IF a store does not provide a consumer with a written warranty, the law stipulates the application of an implicit warranty of six months; however, businesses can give warranties of less than six months if an explicitly written warranty is issued.
Many stores, at least around Georgetown, when asked by customers about warranties offered for items often indicate, verbally, an offer of a warranty of less than six months, or no warranties at all. However, no written affirmation is given, neither on the printed receipt nor otherwise.
Issued to purchasers, a warranty is a time period whereby consumers are guaranteed a promise that the item will be repaired or replaced if necessary, if it has become defective due to the manufacturer’s fault.
The warranty is not supposed to cover damage caused to the item by the consumer’s own carelessness.
The Consumer Affairs Act of 2011 Section 19 covers warranties, with subsection six stating that “goods sold by a supplier to a consumer shall, in the absence of an explicit warranty, be deemed to have a warranty of six months on parts and labour.”
The Act however does have a few grey areas. There is no minimum time limit that businesses can offer on warranties, when they are explicit.
“The act doesn’t speak to a limit. They can give one month, two months, three months, it’s based on what you [the consumer] accept, but it has to be in writing,” notes Competition and Consumer Affairs Commission (CCAC), Communication Officer, Alison Parker.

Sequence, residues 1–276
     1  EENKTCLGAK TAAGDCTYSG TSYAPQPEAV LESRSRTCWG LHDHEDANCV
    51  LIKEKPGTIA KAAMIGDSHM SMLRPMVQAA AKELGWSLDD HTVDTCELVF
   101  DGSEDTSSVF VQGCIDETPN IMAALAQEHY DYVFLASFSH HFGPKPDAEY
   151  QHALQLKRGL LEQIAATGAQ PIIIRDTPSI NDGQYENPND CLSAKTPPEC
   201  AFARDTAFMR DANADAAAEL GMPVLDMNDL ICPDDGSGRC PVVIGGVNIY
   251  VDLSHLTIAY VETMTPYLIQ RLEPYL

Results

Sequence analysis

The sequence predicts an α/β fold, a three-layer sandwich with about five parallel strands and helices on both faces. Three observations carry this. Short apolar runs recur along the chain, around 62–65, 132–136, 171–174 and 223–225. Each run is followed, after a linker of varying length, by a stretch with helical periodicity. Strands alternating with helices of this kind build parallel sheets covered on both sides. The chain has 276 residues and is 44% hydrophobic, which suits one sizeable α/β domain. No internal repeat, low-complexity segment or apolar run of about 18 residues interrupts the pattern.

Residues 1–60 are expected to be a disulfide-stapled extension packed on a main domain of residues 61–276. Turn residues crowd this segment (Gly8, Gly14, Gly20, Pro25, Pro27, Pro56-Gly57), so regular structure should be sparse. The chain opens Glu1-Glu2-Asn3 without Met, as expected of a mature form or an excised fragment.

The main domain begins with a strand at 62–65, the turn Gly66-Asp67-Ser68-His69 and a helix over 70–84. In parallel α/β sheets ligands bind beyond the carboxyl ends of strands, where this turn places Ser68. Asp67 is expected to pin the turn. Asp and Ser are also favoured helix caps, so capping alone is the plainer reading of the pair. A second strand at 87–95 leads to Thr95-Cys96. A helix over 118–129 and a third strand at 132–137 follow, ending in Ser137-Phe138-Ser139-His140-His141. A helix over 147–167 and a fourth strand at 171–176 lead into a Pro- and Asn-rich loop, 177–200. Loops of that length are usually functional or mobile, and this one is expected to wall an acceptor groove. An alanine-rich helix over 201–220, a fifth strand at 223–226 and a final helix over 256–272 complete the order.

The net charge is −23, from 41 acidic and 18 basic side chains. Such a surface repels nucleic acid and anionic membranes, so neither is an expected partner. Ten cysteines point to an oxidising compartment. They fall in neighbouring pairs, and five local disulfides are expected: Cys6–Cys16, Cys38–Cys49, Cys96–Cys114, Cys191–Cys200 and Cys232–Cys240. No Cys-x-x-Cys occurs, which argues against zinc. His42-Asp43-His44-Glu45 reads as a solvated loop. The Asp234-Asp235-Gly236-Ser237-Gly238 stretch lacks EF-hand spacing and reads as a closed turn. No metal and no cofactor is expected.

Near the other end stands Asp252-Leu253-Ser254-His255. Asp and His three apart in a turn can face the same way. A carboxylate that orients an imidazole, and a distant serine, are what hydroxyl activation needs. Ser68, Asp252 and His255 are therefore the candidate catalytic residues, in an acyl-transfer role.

Parker stressed that the warranty should be written in order to be explicit, in the similar way that consumers need to ensure that they receive receipts to document and verify their purchases.
“They have to give you it in writing to say that this is it, if there is no explicit warranty then implicitly, in place of it, you get six months,” Parker further related.
Apart from implicit six-month warranties, the Act also speaks to stores and suppliers in Guyana being held accountable for manufacturers’ warranties offered on products, even if the manufacturer’s warranty does not extend to Guyana.
Subsection (3) notes that “where a manufacturer’s warranty is attached to goods sold or goods provided… the supplier of the goods or service shall be deemed to have issued the manufacturer’s warranty as an explicit warranty by the supplier to the consumer; and shall, notwithstanding any geographical limitations placed by a manufacturer on its warranty, honour that warranty as though it is the supplier’s warranty”.
At several stores visited by the Guyana Chronicle on Saturday, sales clerks were adamant that the store does not offer warranties on items, including electronic ones; however in some cases, when a store manager was contacted, the identified person indicated that the store has a warranty policy and the sales clerks simply were not aware.
Several of the stores are owned by Indian and Chinese nationals; some indicate that they are not aware of the country’s laws governing warranty policies.
At one store on the Avenue of the Republic, after being repeatedly told by a sales clerk that the store does not offer warranties, the manager, an Indian national, indicated that the store does offer warranties, but at an additional cost.